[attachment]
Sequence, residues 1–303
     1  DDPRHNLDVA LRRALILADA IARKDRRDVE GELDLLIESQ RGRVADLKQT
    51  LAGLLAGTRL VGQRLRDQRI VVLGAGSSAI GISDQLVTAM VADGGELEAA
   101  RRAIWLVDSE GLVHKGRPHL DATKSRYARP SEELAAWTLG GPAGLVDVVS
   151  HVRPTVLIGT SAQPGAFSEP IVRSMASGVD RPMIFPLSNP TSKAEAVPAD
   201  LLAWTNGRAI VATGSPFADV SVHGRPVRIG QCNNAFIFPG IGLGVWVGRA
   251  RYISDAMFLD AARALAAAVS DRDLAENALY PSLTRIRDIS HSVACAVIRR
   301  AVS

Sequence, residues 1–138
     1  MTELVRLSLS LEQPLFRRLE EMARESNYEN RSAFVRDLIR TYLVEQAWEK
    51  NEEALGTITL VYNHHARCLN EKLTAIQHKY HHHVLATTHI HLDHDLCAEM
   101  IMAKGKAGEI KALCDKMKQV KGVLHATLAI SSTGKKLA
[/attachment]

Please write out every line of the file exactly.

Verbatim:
Sequence, residues 1–303
     1  DDPRHNLDVA LRRALILADA IARKDRRDVE GELDLLIESQ RGRVADLKQT
    51  LAGLLAGTRL VGQRLRDQRI VVLGAGSSAI GISDQLVTAM VADGGELEAA
   101  RRAIWLVDSE GLVHKGRPHL DATKSRYARP SEELAAWTLG GPAGLVDVVS
   151  HVRPTVLIGT SAQPGAFSEP IVRSMASGVD RPMIFPLSNP TSKAEAVPAD
   201  LLAWTNGRAI VATGSPFADV SVHGRPVRIG QCNNAFIFPG IGLGVWVGRA
   251  RYISDAMFLD AARALAAAVS DRDLAENALY PSLTRIRDIS HSVACAVIRR
   301  AVS

Sequence, residues 1–138
     1  MTELVRLSLS LEQPLFRRLE EMARESNYEN RSAFVRDLIR TYLVEQAWEK
    51  NEEALGTITL VYNHHARCLN EKLTAIQHKY HHHVLATTHI HLDHDLCAEM
   101  IMAKGKAGEI KALCDKMKQV KGVLHATLAI SSTGKKLA